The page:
The fresh measures introduced by the UK Government to help support the North Sea oil and gas industry have been described as “disappointing”.
Clare Munro, head of Energy & Infrastructure at Brodies, said while the reductions in tax were welcome, she was “disappointed” the Supplementary Tax had not been axed completely.
Earlier today, Chancellor George Osborne announced the Supplementary Tax would be reduced from 20% to 10% while the Petroleum Revenue Tax (PRT) would be “abolished”.
PRT had previously sat at 35%.
Oil majors have backed the move as a “step in the right direction” towards helping the North Sea oil and gas industry.
Munro said:“Reductions in tax for the sector are welcome. However, I am disappointed that Supplementary Charge was not removed altogether, and I think at this point in the development of the UKCS more certainty around future taxation is key. Given that the Government has retained the Supplementary Charge, to make a real impact on investment decisions it would have been helpful to get a pledge that the Supplementary Charge will not be increased when, as we anticipate, the oil price rebounds.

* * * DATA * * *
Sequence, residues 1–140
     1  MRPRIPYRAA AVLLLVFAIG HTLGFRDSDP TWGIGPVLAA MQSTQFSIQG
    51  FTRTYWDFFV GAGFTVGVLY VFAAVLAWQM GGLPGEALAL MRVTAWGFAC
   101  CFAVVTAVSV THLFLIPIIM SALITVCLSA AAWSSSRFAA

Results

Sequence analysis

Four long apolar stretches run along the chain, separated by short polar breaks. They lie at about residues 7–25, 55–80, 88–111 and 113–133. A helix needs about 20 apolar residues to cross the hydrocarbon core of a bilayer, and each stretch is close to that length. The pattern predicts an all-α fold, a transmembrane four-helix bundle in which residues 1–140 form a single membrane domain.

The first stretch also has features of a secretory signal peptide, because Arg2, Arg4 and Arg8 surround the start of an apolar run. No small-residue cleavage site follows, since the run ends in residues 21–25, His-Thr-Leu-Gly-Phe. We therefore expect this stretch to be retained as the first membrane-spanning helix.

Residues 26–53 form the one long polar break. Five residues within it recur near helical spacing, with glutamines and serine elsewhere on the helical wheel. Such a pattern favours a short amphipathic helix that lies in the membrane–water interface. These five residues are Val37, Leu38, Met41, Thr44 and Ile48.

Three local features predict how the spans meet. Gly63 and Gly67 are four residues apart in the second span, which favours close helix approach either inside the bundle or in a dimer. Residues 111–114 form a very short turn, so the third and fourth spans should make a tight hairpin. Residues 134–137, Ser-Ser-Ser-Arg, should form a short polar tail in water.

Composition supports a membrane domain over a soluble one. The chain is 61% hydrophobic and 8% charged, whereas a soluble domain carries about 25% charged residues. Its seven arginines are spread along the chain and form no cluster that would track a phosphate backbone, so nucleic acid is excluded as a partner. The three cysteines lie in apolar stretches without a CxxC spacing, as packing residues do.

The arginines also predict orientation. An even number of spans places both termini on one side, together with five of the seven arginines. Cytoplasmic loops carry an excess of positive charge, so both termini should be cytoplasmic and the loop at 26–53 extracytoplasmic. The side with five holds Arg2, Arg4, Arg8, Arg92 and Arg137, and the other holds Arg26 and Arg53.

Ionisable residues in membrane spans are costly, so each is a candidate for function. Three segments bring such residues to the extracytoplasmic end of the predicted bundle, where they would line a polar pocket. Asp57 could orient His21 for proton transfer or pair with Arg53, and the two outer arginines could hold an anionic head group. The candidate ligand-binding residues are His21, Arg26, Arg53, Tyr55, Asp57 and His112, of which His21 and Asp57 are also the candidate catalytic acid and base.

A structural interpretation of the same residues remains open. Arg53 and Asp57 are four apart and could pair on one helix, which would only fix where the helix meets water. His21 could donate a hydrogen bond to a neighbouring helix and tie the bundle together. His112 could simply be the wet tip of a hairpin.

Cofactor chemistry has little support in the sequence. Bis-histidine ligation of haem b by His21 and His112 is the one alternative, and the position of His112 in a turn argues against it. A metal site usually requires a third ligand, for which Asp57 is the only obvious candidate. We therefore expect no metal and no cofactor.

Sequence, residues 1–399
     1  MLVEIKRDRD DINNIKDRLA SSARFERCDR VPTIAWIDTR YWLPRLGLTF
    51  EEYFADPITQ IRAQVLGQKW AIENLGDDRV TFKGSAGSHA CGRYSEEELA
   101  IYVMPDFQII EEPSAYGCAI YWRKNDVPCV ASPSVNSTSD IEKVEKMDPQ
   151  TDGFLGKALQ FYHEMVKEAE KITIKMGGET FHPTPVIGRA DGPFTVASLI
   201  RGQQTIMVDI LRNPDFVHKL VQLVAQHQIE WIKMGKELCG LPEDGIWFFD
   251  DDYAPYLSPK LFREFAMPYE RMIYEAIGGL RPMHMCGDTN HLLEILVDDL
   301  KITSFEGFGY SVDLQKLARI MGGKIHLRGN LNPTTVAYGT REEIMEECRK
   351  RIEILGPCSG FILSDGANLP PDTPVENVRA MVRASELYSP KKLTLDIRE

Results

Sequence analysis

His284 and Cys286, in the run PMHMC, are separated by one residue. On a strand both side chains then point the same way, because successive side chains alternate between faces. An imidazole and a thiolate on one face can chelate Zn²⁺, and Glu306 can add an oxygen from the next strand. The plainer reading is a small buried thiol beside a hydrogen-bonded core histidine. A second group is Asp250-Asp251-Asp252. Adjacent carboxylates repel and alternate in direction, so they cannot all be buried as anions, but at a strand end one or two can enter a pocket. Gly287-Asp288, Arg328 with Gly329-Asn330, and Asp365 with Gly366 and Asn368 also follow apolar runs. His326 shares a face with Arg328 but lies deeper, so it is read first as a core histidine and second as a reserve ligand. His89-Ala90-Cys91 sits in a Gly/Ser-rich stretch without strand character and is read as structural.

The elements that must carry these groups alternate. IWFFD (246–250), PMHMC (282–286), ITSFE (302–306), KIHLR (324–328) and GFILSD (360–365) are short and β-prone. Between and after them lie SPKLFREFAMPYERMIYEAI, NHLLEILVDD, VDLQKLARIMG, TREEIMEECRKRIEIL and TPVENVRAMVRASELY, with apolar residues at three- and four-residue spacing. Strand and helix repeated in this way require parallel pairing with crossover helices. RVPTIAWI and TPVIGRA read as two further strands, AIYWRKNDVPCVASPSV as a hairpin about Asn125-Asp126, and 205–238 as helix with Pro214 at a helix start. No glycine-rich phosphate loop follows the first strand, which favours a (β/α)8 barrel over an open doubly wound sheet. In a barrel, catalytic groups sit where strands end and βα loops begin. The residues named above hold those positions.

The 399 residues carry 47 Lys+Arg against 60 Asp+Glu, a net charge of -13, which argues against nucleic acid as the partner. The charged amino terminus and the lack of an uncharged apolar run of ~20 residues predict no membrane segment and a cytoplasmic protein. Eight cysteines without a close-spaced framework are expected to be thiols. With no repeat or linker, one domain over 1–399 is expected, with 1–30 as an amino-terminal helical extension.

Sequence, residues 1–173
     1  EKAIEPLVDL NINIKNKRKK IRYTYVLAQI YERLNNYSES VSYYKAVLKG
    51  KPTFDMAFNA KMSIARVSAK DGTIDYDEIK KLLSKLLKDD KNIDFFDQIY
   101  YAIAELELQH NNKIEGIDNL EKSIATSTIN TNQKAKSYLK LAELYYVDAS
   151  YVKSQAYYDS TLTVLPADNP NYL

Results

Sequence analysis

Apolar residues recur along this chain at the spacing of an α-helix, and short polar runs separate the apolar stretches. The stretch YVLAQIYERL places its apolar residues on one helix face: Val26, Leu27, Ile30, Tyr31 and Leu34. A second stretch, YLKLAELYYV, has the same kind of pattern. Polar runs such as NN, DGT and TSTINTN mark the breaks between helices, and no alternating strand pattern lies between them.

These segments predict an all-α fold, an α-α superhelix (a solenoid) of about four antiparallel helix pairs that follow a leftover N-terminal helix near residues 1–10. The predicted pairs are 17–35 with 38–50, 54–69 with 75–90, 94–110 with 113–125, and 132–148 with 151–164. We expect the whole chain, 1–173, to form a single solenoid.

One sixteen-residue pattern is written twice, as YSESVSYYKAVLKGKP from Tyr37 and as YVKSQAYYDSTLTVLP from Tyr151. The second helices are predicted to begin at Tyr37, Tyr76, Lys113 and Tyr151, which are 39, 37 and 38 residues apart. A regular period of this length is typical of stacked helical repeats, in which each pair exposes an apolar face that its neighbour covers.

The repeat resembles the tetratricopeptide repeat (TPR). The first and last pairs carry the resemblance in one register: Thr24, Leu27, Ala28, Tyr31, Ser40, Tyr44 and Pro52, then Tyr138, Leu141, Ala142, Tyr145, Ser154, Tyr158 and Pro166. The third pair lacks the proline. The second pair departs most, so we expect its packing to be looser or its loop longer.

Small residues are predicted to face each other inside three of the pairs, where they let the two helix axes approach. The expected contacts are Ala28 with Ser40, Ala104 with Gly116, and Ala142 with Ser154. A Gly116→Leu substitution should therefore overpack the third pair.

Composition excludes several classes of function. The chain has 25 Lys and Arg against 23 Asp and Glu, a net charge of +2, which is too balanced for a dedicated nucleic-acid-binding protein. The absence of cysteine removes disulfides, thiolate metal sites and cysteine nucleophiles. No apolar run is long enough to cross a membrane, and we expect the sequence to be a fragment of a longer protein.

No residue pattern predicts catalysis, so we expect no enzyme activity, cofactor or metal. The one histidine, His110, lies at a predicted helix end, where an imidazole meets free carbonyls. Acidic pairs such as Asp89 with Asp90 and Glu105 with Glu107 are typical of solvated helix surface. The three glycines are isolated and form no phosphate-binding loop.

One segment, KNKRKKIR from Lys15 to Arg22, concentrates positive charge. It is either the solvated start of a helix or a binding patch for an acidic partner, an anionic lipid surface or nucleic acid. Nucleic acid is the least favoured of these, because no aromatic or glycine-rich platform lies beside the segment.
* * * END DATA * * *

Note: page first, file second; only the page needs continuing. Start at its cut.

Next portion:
“In relation to Petroleum Revenue Tax, we will need to see the detail around what ‘effective abolition’ actually means in practice to determine how much of a benefit this proposal really is.”